The easiest problem to identify is how the teeth look. It’s very common for an upper front tooth to slightly overlap the other front tooth, or for an upper front lateral (the smaller teeth next to the middle teeth) to overlap a front tooth. Lower front teeth are notorious for crowding over time. Because of the angles and direction of forces on teeth, they tend to drift forward over time. The lower front teeth have very narrow roots that move relatively easily, so as teeth drift they are the ones that move out of place.
Another easy problem to recognize is food and plaque trapping. Teeth that are crooked tend to catch more food (and are more difficult to clean) than properly-aligned teeth. Sometimes this trapping is because of an open space between the teeth and sometimes it’s because the contact with the adjacent tooth is in a non-ideal place. When plaque is trapped against the gums or teeth decay and gum defects can develop in those areas.
Crooked teeth can also cause functional problems. The teeth may come together and slide across each other in non-ideal ways that put excessive pressure on certain teeth or allow forces in directions that are more likely to damage the teeth. This can cause teeth to feel achy or sensitive to cold, wear quickly, become loose, chip or break, and develop cracks. Even if crooked teeth do not bother you from an appearance standpoint, it’s prudent to have them evaluated for the effects of the forces on the teeth. A functional chewing system also happens to be an esthetically-pleasing chewing system. Many of my patients who pursue orthodontic treatment do so more for functional reasons than esthetics.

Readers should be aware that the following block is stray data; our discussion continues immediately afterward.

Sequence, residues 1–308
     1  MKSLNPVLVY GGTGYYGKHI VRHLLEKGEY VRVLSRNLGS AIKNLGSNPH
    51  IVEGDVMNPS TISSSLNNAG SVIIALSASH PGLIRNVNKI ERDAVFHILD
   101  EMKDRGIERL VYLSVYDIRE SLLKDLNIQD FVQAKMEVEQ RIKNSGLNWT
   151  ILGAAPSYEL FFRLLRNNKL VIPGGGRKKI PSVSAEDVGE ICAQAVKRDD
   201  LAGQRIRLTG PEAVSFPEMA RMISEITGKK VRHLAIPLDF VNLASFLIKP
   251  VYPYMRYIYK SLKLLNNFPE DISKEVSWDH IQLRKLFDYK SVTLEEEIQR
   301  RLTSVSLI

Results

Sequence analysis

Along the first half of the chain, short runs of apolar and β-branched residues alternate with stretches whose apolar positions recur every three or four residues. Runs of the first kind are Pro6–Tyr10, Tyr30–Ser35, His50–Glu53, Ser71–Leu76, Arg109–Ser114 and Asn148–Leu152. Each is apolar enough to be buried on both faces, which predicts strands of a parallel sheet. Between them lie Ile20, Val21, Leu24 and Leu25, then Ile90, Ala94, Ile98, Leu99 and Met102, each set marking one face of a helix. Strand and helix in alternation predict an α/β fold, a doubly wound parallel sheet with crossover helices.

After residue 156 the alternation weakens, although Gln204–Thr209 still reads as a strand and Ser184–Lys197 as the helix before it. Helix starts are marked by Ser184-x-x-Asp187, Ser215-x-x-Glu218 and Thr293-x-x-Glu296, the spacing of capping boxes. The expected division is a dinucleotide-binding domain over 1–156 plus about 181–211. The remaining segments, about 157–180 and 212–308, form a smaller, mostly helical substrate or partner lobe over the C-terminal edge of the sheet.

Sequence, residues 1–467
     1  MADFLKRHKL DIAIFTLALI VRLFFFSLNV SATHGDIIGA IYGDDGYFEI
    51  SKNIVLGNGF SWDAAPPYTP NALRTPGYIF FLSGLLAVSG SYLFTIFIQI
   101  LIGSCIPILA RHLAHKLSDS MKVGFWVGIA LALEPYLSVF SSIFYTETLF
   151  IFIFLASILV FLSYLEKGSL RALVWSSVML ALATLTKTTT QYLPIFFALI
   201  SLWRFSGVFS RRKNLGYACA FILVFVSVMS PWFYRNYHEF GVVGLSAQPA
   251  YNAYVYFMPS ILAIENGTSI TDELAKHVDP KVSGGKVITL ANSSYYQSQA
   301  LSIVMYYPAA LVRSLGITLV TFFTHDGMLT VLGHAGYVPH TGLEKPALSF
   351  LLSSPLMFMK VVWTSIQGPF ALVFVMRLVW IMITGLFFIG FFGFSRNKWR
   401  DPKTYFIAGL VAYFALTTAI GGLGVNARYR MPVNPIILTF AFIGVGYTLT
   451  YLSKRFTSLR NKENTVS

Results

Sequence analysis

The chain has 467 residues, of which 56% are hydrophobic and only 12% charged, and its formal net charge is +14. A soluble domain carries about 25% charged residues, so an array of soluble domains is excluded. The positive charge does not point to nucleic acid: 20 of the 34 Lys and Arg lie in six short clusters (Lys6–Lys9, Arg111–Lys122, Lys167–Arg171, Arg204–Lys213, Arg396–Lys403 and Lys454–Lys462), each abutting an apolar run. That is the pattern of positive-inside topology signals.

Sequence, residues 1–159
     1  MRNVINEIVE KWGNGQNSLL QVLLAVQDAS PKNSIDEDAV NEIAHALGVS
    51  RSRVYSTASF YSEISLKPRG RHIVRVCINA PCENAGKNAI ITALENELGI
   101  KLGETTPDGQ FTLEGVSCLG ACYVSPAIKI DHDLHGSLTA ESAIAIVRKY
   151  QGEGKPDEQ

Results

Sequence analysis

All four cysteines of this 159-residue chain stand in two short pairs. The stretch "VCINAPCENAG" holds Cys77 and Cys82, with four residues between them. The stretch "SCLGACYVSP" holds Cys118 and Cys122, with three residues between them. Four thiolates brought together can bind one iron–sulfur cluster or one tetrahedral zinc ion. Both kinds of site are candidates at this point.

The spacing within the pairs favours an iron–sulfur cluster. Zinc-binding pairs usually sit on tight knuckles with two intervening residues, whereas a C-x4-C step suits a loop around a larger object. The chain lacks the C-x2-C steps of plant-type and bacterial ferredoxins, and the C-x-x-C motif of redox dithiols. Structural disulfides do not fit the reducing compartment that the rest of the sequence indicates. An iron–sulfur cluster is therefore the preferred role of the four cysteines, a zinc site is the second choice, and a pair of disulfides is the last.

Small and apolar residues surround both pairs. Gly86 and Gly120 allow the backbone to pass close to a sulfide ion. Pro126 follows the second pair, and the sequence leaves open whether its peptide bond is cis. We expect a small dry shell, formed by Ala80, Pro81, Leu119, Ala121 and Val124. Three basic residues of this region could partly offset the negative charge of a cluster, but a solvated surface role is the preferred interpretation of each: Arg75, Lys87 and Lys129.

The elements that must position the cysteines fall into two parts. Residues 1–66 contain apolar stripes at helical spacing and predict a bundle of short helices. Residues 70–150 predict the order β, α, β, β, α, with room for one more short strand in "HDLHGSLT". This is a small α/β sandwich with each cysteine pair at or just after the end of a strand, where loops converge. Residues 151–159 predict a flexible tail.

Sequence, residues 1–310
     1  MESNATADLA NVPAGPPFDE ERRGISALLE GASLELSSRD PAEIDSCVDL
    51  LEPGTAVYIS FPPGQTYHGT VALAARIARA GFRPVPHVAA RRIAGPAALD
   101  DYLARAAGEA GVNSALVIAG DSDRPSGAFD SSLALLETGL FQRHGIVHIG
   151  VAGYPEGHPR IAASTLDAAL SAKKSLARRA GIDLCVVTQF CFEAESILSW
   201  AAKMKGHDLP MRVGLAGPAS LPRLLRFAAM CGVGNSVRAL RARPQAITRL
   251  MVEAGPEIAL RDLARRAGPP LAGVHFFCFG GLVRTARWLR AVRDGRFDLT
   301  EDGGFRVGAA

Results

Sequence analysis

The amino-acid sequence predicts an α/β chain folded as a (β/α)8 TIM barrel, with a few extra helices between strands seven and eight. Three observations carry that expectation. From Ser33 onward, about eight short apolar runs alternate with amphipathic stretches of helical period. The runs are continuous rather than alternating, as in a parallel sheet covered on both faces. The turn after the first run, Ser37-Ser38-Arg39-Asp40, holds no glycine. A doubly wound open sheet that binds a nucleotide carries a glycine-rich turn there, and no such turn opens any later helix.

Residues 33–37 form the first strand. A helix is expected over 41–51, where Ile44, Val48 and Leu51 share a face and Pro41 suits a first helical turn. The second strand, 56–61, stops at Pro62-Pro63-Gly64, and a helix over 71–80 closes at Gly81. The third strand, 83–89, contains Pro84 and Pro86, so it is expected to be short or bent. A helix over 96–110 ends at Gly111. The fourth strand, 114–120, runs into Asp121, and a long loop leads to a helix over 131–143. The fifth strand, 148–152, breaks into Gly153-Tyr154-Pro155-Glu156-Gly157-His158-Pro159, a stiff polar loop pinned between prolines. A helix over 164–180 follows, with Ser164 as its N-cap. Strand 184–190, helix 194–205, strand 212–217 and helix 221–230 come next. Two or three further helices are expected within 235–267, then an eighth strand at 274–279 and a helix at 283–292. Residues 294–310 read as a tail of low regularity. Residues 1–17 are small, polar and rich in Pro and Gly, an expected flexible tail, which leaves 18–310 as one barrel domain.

If you have any concerns about the appearance of your smile, areas that trap food when you eat, chipped or broken teeth, or tooth pain, call us for an evaluation.